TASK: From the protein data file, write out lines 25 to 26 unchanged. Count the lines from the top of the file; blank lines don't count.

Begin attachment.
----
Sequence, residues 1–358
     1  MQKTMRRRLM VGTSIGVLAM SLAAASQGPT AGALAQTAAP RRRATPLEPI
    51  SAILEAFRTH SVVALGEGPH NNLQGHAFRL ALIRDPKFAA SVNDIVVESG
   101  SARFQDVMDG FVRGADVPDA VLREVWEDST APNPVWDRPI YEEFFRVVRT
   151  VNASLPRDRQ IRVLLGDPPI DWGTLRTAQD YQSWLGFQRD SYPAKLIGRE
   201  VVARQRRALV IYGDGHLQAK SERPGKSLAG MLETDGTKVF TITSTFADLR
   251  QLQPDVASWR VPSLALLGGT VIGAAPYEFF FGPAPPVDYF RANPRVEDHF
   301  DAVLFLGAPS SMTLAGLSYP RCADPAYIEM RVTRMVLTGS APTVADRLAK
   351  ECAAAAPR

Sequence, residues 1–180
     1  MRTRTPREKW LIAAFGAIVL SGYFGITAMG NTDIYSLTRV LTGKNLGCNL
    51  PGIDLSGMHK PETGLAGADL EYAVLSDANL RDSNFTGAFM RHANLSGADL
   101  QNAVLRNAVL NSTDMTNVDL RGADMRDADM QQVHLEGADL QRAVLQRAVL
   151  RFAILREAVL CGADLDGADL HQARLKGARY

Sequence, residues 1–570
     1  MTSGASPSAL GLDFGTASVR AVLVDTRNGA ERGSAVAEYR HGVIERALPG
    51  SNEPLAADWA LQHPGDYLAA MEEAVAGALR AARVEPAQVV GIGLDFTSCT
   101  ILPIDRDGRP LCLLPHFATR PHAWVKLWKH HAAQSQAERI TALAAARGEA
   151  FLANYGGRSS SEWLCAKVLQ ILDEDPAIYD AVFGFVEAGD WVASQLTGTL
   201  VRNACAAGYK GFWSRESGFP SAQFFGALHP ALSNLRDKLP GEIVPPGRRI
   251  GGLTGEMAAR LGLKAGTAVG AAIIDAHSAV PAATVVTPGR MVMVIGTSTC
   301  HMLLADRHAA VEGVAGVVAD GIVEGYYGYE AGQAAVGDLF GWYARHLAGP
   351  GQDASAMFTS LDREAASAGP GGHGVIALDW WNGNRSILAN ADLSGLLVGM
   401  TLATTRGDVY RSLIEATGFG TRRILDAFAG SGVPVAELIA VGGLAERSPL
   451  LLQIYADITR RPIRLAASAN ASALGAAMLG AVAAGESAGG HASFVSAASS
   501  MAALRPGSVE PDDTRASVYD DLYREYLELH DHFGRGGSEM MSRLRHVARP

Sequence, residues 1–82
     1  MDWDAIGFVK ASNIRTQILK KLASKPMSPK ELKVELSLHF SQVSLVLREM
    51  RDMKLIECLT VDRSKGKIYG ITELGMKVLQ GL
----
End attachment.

   451  LLQIYADITR RPIRLAASAN ASALGAAMLG AVAAGESAGG HASFVSAASS
   501  MAALRPGSVE PDDTRASVYD DLYREYLELH DHFGRGGSEM MSRLRHVARP